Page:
By Mike O’BrienAt first glance, Toy Story is a heart-warming tale of camaraderie, breathing the same life into its toys as our imaginations did in the days of yore. But it is our collective failure as a society to recognise Toy Story for what it truly is: an indictment of our corrupt, celebrity-worshipping media environment whose sympathy for abusers perjures justice.
Early in Toy Story, we discover that whenever a human enters the room, the toys freeze and ‘play dead’ to keep their sentience a secret. Shortly after, they limber up, emerging from their performance to return to their vivid selves. But for Woody, this is where the performance begins. His gaunt, inanimate gaze is the truest reflection of the morally absent psychopath underneath that drives his actions throughout the film.
When the charismatic Buzz Lightyear arrives, he proves instantly popular among the toy society. Within minutes, Woody is consumed by narcissistic rage to commit premeditated vehicular manslaughter. When this evolves into a near-fatal defenestration, Woody is apprehended by fifteen US military soldiers and faces a summary execution before being rescued by Andy, his slave master.
When Woody discovers that Buzz is alive, his immediate instinct is not to reconcile or apologise, but a calculated and exasperated performance of relief, which he deftly manoeuvres into the suggestion that Buzz should exonerate him. Woody expresses no remorse nor concern for his attempted murder; rather, he instinctively defends his public image, the clear behaviour of a psychotic narcissist. Confessedly, Buzz escalates matters into a physical conflict, but as Buzz is an officer of intergalactic law, this should be considered a judicial arrest. When Woody’s ruse fails, his killer instinct emerges once again when, despite a break in the conflict, he not only attempts to beat Buzz to death, but gaslights him into believing that he is not a real officer of the law. This claim is debunked in Toy Story 2, where Buzz is the subject of despotic tyranny under expansionist dictator Emperor Zurg.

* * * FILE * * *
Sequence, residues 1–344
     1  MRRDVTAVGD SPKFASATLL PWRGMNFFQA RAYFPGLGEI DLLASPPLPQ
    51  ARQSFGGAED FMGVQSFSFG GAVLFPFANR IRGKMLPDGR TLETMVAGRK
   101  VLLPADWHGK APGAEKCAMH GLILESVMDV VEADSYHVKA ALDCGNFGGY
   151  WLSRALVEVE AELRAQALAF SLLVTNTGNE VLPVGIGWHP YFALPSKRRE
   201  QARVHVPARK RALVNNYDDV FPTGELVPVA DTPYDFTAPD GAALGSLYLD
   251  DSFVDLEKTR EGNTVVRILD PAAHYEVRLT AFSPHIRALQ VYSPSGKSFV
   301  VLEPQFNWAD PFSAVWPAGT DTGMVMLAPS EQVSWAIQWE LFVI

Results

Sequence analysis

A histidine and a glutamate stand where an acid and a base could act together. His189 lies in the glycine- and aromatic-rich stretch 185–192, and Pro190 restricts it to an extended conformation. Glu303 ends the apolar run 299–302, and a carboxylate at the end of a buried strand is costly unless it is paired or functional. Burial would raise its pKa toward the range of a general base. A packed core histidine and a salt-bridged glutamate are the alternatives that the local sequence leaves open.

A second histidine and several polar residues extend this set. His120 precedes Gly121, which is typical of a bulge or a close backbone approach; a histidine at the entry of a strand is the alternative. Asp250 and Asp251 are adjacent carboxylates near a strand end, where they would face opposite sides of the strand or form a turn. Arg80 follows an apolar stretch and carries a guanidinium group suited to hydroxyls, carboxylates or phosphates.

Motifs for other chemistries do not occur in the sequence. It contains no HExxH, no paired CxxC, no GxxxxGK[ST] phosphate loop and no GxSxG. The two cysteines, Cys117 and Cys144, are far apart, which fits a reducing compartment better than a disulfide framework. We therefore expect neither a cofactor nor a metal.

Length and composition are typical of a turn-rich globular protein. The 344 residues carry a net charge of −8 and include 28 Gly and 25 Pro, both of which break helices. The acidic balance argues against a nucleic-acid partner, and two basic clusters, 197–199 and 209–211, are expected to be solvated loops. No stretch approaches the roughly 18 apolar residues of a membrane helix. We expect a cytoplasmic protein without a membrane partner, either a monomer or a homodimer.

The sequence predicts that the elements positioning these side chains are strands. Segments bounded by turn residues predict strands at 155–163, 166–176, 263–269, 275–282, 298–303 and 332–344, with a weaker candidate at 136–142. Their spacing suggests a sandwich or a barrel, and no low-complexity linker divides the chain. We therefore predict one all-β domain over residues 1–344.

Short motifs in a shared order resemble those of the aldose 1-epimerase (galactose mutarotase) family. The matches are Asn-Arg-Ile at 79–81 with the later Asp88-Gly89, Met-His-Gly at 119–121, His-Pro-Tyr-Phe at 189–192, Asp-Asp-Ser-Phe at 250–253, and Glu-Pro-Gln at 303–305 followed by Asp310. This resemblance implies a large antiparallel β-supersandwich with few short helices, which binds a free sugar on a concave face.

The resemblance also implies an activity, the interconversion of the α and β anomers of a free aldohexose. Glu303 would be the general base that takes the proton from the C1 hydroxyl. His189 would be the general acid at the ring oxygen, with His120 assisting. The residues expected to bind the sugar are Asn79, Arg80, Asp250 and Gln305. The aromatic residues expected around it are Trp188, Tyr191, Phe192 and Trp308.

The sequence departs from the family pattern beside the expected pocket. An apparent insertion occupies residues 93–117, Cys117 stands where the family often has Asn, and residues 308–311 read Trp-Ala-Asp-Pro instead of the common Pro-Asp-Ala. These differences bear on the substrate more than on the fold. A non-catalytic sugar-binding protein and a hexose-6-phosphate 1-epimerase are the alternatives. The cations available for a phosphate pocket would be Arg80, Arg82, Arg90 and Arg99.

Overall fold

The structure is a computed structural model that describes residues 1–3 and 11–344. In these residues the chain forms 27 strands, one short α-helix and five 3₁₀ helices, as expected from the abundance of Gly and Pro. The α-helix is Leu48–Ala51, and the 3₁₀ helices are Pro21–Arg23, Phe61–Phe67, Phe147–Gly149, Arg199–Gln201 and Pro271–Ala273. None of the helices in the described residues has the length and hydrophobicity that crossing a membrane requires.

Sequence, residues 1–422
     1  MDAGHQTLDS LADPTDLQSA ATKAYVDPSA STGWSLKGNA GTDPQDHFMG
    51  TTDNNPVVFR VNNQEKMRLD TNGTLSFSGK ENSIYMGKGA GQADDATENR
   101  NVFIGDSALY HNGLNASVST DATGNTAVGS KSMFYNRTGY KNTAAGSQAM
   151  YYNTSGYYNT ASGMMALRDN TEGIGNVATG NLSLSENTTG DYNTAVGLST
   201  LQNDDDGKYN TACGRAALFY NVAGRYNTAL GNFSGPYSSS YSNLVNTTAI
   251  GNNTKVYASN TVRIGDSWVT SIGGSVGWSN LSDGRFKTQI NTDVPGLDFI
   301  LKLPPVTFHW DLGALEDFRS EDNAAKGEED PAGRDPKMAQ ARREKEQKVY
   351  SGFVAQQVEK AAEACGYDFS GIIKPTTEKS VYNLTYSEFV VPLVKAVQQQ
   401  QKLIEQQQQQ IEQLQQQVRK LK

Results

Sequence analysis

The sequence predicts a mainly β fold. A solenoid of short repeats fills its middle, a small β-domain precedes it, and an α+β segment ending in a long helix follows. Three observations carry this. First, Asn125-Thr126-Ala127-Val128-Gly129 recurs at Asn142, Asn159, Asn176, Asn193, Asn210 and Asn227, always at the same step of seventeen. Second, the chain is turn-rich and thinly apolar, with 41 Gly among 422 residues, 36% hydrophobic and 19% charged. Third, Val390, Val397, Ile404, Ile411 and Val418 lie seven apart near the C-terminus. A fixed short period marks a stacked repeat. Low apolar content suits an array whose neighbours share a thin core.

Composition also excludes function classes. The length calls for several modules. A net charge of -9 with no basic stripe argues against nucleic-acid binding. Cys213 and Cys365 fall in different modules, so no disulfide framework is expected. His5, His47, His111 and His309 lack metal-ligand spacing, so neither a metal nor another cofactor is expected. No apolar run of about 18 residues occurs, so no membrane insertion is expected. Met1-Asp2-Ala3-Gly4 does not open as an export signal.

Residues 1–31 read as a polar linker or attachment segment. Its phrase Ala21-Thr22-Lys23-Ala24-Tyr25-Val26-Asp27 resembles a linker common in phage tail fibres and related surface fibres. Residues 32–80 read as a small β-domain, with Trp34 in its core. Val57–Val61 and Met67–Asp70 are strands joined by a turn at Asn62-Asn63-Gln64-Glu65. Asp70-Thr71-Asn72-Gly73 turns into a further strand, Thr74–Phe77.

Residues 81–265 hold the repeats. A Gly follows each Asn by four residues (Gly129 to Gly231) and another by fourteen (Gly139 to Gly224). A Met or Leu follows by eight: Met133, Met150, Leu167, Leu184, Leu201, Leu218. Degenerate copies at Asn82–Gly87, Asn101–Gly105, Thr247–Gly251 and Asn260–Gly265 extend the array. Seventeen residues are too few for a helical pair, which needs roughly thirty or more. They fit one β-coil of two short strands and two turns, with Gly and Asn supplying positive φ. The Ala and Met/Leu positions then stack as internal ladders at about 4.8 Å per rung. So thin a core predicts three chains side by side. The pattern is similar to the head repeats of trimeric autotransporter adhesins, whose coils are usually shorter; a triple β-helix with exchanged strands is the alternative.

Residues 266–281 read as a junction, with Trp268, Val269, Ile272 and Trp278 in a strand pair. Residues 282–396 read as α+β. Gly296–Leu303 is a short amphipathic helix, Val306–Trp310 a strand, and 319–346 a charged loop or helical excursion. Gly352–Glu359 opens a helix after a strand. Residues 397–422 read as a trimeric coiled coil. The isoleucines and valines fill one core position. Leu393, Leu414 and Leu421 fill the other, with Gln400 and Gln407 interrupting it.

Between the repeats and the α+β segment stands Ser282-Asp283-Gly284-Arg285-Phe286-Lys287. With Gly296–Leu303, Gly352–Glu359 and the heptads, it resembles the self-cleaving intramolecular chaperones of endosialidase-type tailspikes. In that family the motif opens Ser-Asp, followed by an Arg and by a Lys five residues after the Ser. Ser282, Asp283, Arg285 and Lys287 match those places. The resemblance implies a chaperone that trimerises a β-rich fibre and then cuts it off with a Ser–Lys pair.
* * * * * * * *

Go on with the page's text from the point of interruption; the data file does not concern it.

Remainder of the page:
When the two are forced to cooperate to escape an unfamiliar household, Woody claims his next victim. By revealing his sentience in a sinister and threatening manner, he traumatises Sid, a creative young child. Sid creates amalgams of toys, reasonably assuming they are inanimate and cannot experience pain. Woody’s decision to remorselessly torture a young boy instead of merely explaining the situation ruins his life. Sid comes to associate his engineering passion with crippling guilt, abandoning STEM education forever and pursuing a degree in journalism; this is confirmed in Toy Story 3, where he becomes an unskilled labourer in waste management.
Woody returns and faces no retribution from his community, whose collective amnesia can only be explained by the 24-hour news cycle’s preoccupation with celebrities and events over narratives. The film ends with his subservient girlfriend showering him with kisses, as he senselessly scolds Buzz one last time:
‘Oh Buzz; what could Andy possibly get that is worse than you.’